Countless San Francisco designers are busily working away on their proposals for the San Francisco Decorator Showcase, which are due today at noon. Next week we will hear who will be the few lucky ones who get redesign the fabulous mansion on 2950 Vallejo Street. Meanwhile Damion Matthews, publisher of SFLuxe, was most intrigued by the history of the house, and one previous resident in particular. Yesterday he published a fascinating article on SFLuxe, which describes the life of Princess Stephanie von Hohenlohe, née Stephany Julienne Richter. She was a Hungarian commoner of partial Jewish decent who after an affair with the son in law of Emperor Franz Joseph of Austria married the German prince Friedrich Franz von Hohenlohe-Waldenburg-Schillingsfürst and later became a confidante of Adolf Hitler. In 1939 she followed her lover Captain Fritz Wiedemann to San Francisco where he took the post of the German Consul, and for a couple of years they lived at 2950 Vallejo Street, along with the Consul’s wife and children. I already see the movie in my head. Who should play her? For all the juicy details read Damion’s article.
The part of the story captivated me in particular was that Adolf Hitler gave Princess Stephanie a palace in Salzburg after the Nazis had confiscated it from Max Reinhardt who was also of Jewish ancestry, and is best known as the founder of the world-renowned Salzburg Festivals. While Reinhardt was away in Hollywood the estate was turned over by Hermann Göring to Princess Stephanie who was given the assignment of transforming it into a guest house for prominent artists of the Reich, and to serve as a reception facility to Hitler’s Berghof home near Salzburg in Berchtesgaden, right across the German border in Bavaria. Thankfully the property was later returned to the Reinhardt estate.
Schloss Leopoldskron (Leopoldskron Palace) holds many wonderful memories for me and it is probably familiar to most Americans as one of the main locations for the 1965 film “The Sound of Music”. I admired it often from across the lake when walking my German Shephard Jascha, and I was always captivated by its graceful beauty. I was so proud that this small gem, small compared to other grand palaces in Vienna, graced the Austrian one thousand Schilling bill for the longest time, which was the highest denomination of Austrian currency before the Euro.
The charming Rococo palace also has an interesting history. Prince Archbishop Leopold Anton Eleutherius von Firmian (1679-1744) originally commissioned Leopoldskron, named after himself, in 1736 after enriching himself through expelling over 22,000 Protestants from Salzburg. He also built the Klessheim Palace to accommodate his family. Coincidentally that is the headquarters of the culinary and hotel management school I graduated from. To design his dream palace the prince archbishop hired architect Pater Bernard Stuart, a Scottish Benedictine monk from the St. Jakob monastery in Regensburg, Bavaria, and a Professor of Mathematics at Salzburg University. After the prince archbishop’s death Leopoldskron was passed on to his nephew Count Franz Laktanz von Firmian who was one of the early patrons of Leopold Mozart and his son Wolfgang Amadeus Mozart and a great connoisseur of art. In his life time he amassed a collection of over 749 paintings, 548 drawings, and 43 etchings, which included works by Albrecht Dürer, Titian, Rembrandt, Rubens and the count himself.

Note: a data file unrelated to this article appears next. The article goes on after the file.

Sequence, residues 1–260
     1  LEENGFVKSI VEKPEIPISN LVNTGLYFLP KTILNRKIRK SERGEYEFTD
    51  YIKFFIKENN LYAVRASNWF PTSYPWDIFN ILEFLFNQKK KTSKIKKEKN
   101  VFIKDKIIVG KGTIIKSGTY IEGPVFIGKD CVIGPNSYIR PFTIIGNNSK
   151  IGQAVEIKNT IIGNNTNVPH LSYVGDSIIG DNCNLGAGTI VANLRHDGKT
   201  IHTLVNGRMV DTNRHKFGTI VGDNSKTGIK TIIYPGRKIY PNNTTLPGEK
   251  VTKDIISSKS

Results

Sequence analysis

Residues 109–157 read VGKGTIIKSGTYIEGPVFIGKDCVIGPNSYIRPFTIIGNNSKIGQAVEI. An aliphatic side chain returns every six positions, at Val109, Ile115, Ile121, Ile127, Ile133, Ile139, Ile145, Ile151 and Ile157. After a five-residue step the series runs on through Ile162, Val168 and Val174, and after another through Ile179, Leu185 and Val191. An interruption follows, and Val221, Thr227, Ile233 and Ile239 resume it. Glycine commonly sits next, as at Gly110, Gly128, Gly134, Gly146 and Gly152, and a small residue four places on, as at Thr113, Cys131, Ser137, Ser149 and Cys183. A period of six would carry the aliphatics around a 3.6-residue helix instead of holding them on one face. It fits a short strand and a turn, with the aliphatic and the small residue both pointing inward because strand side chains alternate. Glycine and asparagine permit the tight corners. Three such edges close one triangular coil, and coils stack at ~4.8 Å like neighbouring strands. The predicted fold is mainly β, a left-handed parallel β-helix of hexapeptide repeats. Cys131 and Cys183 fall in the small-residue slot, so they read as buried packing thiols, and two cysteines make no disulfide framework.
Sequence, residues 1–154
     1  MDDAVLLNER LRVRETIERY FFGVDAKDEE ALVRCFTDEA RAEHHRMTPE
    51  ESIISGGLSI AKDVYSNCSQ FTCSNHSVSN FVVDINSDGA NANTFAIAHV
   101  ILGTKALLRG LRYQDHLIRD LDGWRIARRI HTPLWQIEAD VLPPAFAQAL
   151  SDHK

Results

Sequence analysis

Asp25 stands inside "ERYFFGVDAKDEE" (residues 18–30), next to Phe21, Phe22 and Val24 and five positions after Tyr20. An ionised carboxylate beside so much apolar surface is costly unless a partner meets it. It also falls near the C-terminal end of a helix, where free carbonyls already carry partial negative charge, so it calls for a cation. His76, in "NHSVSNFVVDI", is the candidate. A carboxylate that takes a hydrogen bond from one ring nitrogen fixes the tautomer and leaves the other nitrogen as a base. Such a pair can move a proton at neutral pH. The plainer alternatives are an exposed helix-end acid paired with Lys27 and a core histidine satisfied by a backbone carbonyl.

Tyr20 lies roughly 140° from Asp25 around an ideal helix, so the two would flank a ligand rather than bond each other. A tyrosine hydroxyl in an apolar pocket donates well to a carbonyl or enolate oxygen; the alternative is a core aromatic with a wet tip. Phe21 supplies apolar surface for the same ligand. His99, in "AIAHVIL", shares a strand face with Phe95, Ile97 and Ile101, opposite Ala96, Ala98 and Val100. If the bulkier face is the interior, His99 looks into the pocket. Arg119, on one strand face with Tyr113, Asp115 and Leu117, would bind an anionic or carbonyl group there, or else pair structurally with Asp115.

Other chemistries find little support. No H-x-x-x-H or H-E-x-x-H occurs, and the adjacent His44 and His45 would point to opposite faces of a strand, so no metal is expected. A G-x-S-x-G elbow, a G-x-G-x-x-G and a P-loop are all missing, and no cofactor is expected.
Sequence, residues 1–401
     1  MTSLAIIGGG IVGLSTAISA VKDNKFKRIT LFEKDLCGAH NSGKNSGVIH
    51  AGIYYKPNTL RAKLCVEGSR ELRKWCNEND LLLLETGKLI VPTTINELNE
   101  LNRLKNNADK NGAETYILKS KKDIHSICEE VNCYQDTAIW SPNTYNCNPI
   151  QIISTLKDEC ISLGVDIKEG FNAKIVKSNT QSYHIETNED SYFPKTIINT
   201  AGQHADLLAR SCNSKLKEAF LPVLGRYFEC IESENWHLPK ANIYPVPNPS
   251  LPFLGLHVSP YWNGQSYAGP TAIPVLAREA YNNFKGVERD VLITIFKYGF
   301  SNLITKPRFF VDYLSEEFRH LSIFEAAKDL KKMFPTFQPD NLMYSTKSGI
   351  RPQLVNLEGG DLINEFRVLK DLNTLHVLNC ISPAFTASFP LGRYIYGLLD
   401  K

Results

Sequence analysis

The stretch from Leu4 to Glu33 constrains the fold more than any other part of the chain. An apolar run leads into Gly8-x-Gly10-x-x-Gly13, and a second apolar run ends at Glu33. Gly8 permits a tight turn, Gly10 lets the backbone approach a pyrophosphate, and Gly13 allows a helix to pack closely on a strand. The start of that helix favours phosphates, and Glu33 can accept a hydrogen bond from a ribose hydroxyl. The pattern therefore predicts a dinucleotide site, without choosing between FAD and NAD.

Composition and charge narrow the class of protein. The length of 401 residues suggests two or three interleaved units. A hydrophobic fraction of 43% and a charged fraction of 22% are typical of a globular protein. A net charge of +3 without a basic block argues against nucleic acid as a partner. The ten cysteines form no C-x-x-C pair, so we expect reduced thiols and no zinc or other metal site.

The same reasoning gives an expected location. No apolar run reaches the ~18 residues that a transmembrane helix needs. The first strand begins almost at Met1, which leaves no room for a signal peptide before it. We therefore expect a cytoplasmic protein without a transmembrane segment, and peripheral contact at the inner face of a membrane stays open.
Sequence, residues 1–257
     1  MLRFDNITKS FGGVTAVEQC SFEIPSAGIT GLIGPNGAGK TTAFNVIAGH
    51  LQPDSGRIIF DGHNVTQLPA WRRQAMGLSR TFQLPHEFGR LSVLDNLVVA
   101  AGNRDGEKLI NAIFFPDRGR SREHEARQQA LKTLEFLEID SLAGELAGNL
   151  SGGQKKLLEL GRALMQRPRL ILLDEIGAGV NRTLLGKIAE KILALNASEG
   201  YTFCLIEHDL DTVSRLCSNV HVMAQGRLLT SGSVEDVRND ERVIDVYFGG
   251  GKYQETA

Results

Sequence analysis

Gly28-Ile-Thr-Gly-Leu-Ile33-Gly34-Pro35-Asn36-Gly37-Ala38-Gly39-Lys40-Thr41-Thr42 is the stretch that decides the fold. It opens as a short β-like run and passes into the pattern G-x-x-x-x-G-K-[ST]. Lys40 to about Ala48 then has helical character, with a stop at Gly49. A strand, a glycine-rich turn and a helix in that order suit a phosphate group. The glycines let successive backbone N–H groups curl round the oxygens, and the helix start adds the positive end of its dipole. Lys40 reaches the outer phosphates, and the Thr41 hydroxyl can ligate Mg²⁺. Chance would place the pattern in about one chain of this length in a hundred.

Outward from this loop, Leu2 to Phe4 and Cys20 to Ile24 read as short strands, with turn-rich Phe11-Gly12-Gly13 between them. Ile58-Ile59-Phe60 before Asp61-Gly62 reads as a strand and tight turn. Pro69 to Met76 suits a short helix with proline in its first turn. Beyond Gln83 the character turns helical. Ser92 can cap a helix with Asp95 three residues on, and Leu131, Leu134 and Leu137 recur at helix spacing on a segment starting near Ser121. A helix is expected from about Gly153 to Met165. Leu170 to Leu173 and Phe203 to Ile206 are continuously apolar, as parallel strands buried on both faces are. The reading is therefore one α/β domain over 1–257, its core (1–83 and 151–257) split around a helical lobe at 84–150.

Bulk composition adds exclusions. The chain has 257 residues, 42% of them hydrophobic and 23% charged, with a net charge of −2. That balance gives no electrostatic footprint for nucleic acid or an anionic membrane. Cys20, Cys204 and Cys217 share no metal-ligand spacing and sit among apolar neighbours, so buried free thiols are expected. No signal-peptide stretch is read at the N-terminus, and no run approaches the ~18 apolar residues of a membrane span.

In 1837 Georg Zierer, the owner of a local shooting gallery, acquired Leopoldskron. He clearly had little taste and culture, and he stripped the palace of most of its interior decorations, selling the valuable collection of paintings and sculptures for 4 Gulden a piece, which was a negligible amount at the time. Even into the 20th century pieces from the Firmian estate could be found at at Salzburg’s flea markets. Until Max Reinhardt bought it in 1918 Leopoldskron had a number of different owners including a banker and two waiters who wanted to turn it into a hotel. But the most noted proprietor during that period was King Ludwig of Bavaria who lived there briefly around 1848.
Max Reinhardt invested large amounts of money to restore Leopoldskron to its original splendor and to accommodate stage productions and social events, such as the balls during the Salzburg Festivals. After the unfortunate Nazi ownership and its return to the Reinhardt estate, Max Reinhardt’s widow Helene Thimig offered it in 1946 to Clemens Heller, an Austrian student at Harvard University. While still a doctoral candidate at Harvard he got together with two other students and founded the “Marshall Plan of the Mind”, promoting intellectual exchange among Europeans and Americans to alleviate rifts created by World War II. Denied funds by Harvard University, but thanks to Helene Thimig, he eventually found a permanent home for the Salzburg Seminar, which was later transformed into a global forum. The Salzburg Global Seminar is an American non profit organization that holds symposiums on economics and politics for business future leaders from around the world.
In 1959 the organization purchased Leopoldskron and in 1973 the adjacent Meirhof, the farm which was part of the original Firmian estate. Thanks to the care of the Salzburg Global Seminar the palace has enjoyed continuous renovations and has been the venue for many splendid social gatherings for everyone to enjoy. From events to concerts and weddings, more than 270 years after its inception Schloss Leopoldskron still invites visitors from all over the world to experience the magic of my little palace from sweet princess childhood memories.
I am imagining what it looks like right now dusted in snow. Hmm, perhaps I should throw a party there next time I visit home. No, how about a Waltz ball? Anyone care to join me?